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Q: Are Resources Available to help Financial Institutions with Business Continuity Management?​

A: Yes. The Federal Financial Institutions Examination Council Agencies Maintain Various Up-To-Date Business Continuity Management Resources.

Business continuity management (BCM) is the process by which a financial institution implements resilience, continuity, and response capabilities to safeguard employees, customers, and products, and services from cyber events, natural disasters, and man-made events. A financial institution should consider whether it has allocated sufficient resources to developing its BCM policy, reviewing BCM on an annual basis, and ensuring that BCM is kept up to date and all employees are trained and aware of their role in its implementation. 

Pandemic preparedness is also an important part of business continuity planning. Financial institutions should consider whether their BCM address the threat of a pandemic outbreak and its potential impact on the delivery of critical financial services. Specifically, a financial institution should have a business continuity plan that addresses pandemics and provides for a preventative program that includes:

  • A documented strategy scaled to the stages of a pandemic outbreak,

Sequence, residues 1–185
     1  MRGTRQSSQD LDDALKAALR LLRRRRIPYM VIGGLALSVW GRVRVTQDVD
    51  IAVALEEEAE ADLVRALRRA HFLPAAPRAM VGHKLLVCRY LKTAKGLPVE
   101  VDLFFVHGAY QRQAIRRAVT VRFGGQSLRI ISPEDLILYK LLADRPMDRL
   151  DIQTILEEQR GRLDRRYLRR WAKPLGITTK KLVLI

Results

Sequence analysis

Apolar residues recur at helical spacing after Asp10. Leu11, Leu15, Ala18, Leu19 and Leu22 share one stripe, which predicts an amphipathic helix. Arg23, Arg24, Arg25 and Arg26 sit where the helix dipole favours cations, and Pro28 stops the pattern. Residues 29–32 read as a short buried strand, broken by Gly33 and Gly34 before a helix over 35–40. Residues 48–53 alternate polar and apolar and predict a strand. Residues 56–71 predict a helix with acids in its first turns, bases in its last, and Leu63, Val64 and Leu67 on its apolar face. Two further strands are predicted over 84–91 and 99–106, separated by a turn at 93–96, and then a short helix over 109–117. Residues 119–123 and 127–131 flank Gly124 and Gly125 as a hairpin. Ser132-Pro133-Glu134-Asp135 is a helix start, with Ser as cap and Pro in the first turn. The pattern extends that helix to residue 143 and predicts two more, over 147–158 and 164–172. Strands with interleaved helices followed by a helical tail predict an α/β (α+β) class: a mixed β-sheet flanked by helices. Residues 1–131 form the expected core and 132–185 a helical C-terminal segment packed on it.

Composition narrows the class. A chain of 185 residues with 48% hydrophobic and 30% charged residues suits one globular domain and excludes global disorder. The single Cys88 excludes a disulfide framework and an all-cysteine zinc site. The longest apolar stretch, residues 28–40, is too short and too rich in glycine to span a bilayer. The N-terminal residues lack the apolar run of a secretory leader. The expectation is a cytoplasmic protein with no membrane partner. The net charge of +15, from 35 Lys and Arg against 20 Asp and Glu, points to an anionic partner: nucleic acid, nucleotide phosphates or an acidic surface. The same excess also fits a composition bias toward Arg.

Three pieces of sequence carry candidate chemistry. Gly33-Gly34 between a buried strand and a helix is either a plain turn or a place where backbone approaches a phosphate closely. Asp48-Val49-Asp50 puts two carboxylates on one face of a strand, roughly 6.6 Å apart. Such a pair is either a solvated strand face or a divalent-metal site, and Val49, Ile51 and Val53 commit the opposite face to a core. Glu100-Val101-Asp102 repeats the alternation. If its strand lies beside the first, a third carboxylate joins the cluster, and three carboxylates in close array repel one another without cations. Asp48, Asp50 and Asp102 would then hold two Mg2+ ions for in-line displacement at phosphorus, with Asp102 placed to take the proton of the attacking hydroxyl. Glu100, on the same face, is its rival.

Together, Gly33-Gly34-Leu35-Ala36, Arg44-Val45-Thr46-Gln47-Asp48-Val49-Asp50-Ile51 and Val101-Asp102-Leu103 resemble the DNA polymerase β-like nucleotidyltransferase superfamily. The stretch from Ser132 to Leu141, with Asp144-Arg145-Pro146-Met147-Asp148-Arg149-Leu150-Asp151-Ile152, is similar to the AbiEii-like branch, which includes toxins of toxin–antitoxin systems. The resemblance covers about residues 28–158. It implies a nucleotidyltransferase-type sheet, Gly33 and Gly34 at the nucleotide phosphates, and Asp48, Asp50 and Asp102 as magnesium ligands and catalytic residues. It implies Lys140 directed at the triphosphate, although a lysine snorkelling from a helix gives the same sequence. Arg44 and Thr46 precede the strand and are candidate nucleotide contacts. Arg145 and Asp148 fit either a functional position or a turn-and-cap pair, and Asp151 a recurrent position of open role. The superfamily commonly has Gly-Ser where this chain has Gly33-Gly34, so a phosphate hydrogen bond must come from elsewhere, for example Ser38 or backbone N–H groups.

• A comprehensive framework to ensure the continuance of critical operations, 
  • A testing program, and
  • An oversight program to ensure that the plan is reviewed and updated. 

The pandemic segment of BCM must be sufficiently flexible to address a wide range of possible effects that could result from a pandemic and also be reflective of the institution's size, complexity, and business activities.

For additional BCM resources consider the following:

Birrenkott is WBA assistant director – legal. For legal questions, please email wbalegal@wisbank.com.

Note: The above information is not intended to provide legal advice; rather, it is intended to provide general information about banking issues. Consult your institution's attorney for special legal advice or assistance.